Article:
Though the new number the Bucs gave him might have been fitting, it really didn't change Lorig's definition of himself.
"I've always tried to go out there and just think about being a football player," he said. "It's always been like that."
The Buccaneers have ushered players through defense-to-offense position changes (or vice versa) on the NFL level before, if not necessarily often. When they drafted Jackson State's Jackie Walker in the second round in 1986, they considered him a potential linebacker or tight end, and he eventually made the switch from the former to the latter. Dana Nafziger made a similar LB-to-TE switch after arriving in Tampa. Harry Swayne came in as a defensive end in 1987 but can thank his long NFL career to the switch to tackle he made in his second season. Charley Hannah started at left defensive end for the Buccaneers in 1978 and at right offensive tackle in 1979.
But the thing that could set Lorig apart is that it is entirely possible he could see action on both sides of the ball. That's not necessarily the plan at the moment – he has been focusing solely on offense for close to a month – but the Bucs know that it remains an option.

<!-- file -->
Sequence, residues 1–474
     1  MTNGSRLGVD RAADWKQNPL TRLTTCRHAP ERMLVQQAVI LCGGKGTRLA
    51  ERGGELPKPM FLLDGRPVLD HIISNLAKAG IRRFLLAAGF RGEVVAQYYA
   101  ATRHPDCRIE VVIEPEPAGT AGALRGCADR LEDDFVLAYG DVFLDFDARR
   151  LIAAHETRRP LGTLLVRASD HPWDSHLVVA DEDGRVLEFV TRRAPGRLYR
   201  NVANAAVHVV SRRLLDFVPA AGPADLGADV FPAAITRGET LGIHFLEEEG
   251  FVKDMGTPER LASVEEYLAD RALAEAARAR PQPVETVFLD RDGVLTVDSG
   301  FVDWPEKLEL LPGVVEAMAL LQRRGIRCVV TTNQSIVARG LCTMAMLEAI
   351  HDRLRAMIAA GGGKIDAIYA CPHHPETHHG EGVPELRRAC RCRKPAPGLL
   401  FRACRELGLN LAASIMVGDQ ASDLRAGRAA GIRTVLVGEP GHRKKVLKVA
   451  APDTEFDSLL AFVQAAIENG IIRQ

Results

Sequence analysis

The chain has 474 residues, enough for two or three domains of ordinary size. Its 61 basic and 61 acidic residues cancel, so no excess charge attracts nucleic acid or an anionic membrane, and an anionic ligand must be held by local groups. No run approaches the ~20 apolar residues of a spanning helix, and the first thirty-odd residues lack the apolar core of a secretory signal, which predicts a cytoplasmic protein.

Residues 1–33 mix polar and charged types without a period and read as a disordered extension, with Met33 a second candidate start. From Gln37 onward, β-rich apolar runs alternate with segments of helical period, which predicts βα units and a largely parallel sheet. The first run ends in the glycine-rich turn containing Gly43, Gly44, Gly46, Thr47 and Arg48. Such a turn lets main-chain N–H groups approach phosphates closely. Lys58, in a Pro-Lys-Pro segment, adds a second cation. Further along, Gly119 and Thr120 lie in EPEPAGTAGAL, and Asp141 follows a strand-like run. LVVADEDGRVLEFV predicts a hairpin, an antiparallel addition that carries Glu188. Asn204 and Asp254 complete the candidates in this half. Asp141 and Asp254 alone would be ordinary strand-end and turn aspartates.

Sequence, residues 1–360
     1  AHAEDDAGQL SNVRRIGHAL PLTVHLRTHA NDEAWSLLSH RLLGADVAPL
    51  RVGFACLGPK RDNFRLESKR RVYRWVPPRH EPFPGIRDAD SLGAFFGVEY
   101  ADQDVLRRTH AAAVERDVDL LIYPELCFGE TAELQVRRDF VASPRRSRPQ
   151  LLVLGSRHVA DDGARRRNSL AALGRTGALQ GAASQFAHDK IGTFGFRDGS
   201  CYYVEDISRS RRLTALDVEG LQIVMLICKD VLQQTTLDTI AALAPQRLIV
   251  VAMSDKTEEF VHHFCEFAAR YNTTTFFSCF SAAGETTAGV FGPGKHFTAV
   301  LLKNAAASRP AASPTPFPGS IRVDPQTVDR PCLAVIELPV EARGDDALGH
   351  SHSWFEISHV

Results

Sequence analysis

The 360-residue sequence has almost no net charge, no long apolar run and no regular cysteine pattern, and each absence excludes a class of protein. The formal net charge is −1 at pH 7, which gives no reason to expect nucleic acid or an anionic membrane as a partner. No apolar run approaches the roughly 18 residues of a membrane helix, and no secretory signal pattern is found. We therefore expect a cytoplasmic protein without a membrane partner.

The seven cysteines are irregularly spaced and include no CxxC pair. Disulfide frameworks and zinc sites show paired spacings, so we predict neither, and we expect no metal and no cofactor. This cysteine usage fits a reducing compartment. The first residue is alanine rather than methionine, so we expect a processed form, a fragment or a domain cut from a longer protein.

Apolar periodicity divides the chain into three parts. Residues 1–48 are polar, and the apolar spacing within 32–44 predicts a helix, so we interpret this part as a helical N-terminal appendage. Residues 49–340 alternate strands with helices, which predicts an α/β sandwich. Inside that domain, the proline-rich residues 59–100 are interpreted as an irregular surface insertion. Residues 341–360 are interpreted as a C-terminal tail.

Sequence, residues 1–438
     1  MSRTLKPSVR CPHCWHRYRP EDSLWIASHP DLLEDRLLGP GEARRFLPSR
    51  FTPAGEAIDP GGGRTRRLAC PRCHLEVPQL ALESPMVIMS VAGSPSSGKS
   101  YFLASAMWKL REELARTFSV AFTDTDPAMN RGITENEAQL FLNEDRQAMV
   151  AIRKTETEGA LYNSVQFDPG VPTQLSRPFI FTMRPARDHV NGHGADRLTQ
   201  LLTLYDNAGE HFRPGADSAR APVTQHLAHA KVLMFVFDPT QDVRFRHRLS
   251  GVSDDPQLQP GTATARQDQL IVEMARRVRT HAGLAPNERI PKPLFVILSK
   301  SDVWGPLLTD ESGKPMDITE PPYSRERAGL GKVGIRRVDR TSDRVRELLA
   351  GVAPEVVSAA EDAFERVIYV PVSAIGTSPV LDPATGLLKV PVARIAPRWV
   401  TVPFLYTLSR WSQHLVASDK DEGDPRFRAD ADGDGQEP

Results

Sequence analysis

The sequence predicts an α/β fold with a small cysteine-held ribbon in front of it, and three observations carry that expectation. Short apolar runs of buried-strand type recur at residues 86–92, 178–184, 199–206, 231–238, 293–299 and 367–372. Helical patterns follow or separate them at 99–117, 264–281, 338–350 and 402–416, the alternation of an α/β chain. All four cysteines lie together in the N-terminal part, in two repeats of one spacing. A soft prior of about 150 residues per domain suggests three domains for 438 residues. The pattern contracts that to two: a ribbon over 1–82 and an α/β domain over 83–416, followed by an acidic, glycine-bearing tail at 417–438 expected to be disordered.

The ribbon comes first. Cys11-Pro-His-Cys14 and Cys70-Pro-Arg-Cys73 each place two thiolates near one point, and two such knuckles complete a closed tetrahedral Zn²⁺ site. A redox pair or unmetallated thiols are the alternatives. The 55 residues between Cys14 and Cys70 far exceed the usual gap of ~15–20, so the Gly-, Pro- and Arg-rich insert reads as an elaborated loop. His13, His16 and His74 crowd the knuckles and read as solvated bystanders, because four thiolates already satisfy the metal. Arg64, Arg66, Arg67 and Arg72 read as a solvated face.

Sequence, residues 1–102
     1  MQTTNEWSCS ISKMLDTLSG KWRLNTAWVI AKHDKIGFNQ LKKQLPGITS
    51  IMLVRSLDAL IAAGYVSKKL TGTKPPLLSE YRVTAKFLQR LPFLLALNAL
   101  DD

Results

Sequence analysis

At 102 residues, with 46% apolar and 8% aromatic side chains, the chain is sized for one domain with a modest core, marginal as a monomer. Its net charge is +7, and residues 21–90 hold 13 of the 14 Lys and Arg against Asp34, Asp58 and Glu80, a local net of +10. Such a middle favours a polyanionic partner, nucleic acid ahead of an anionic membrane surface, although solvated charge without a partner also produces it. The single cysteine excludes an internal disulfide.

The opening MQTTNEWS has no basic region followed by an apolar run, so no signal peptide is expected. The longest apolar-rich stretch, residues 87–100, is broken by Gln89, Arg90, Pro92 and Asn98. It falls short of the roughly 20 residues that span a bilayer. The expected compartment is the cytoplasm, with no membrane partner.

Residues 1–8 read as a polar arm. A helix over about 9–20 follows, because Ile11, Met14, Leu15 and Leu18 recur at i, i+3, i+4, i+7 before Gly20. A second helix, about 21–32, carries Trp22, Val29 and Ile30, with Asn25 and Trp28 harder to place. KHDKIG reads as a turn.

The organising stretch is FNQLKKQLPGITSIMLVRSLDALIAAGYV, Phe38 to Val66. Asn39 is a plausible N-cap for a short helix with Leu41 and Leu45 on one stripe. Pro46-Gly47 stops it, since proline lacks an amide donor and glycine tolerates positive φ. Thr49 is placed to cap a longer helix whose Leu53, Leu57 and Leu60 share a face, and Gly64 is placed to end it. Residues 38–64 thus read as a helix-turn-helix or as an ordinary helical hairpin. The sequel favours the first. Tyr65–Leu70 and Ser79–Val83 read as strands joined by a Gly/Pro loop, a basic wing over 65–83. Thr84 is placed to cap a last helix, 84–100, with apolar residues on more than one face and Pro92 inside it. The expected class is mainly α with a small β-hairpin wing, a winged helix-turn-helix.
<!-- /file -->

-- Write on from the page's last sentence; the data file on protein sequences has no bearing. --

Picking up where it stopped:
And that only serves to increase Lorig's value. Like Nafziger before him, Lorig has significant value beyond his offense/defense orientation because he is an outstanding special teams player. If his newfound versatility helps him become one of the 45 men to have a helmet on for game day, he can make an immediate impact in the kicking game while the Bucs search for his best role in the other two phases of the game.
"The first thing that even made you think about [the switch] was his experience in college," said Morris. "He started out at tight end up there in college. Then you come back off the bye week, you activate him again and you see the chance to gain multiple roster spots on game day. So you just find out if he can do it. Because you know he'll be a contributor on special teams. Whether he's a D-Lineman, whether he's playing fullback, whether he's playing tight end, he gives you a four-phase guy on special teams, which is about 25 plays a game. And if he can give you anything at fullback or anything at tight end or anything at D-end, you've got a pretty dynamic player, a guy that creates a lot of value for you on game day."